Since the budget in March, the British Conservative-Lib Dem Coalition government has been having a rough ride in the media. This is showing up in its poll ratings, with Labour romping ahead. Mostly this is Westminster bubble nonsense, but Liberal Democrats, in particular, need to ponder what is happening - and do more to lift the government's PR performance.
The list of issues that the government is said to have handled badly grows. It started with taxing pensioners, takeaway food, and charitable donations, which arose from the Budget. This week the issues have been queues at Immigration at airports, poor GDP figures for the British economy, and revelations that the Culture Secretary, Jeremy Hunt, was a bit to close to Rupert Murdoch's News International media group.
Mostly these are either non-stories stoked up by the opposition, or quite sensible policy decisions that are attracting opposition from vested interests. The Jeremy Hunt problem is the only one that looks a bit more serious, but it is part of a much more complex story that sits rather outside the government's main purpose. The GDP figures do relate to an important issue, the economy, but were of little significance in their own right, and told us nothing that was actually new.
So why can't the Government get on the front foot and just swat this stuff away? There is some nostalgia for "big hitter" government spokesmen that previous governments have been able to trot out to do just that: Labour's John Reid, or the Conservatives' Ken Clarke (in another era - he's older and off-message now). There was a rather interesting discussion on BBC Radio 4 yesterday morning on this, featuring Mr Reid and Norman Tebbit, who has also performed such a role. These spokesmen blamed the government's lack of narrative. Lord Tebbit scoffed at Lords Reform and gay marriage as ideas too small to make a compelling story. Both added that the fact that the government is a coalition made this very difficult. These creatures of the old politics would say that of course, but it's worth trying to tackle the argument rather than the man on this one.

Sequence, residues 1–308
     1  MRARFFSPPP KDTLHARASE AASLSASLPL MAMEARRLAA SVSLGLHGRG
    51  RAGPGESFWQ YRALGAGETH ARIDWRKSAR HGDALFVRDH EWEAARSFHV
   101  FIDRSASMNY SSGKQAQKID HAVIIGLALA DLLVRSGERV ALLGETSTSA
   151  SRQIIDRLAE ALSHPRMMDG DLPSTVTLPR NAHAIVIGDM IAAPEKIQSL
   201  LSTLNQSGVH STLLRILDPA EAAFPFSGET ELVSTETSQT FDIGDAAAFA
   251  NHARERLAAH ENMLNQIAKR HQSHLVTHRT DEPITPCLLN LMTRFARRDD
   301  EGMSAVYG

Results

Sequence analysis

First there's the rather complacent point that all governments suffer from mid-term blues, and can get bogged with apparently trivial news issues at round about this time. It's not clear that the big hitters helped much this. Things get better in the natural cycle.
Secondly the lack of a clear narrative is hardly new either. Mrs Thatcher was clear enough - though that did not stop very poor mid-term poll ratings. And as for John Major, Tony Blair, and Gordon Brown - none of these governments had a clear mission, beyond being competent managers. Mr Major was lampooned for his "cones hotline" as being his biggest idea - beside which gay marriage and House of Lords are clearly a big deal. But Mr Blair's main thrust in the 1990s boiled down to "the same, only different". He was elected in 1997 with a huge majority and little mandate beyond introducing devolution in Scotland and Wales, ideas that were evidently forced on him from outside. Mr Brown's lack of clear narrative is the stuff of legend. This is what modern managerial politics has become.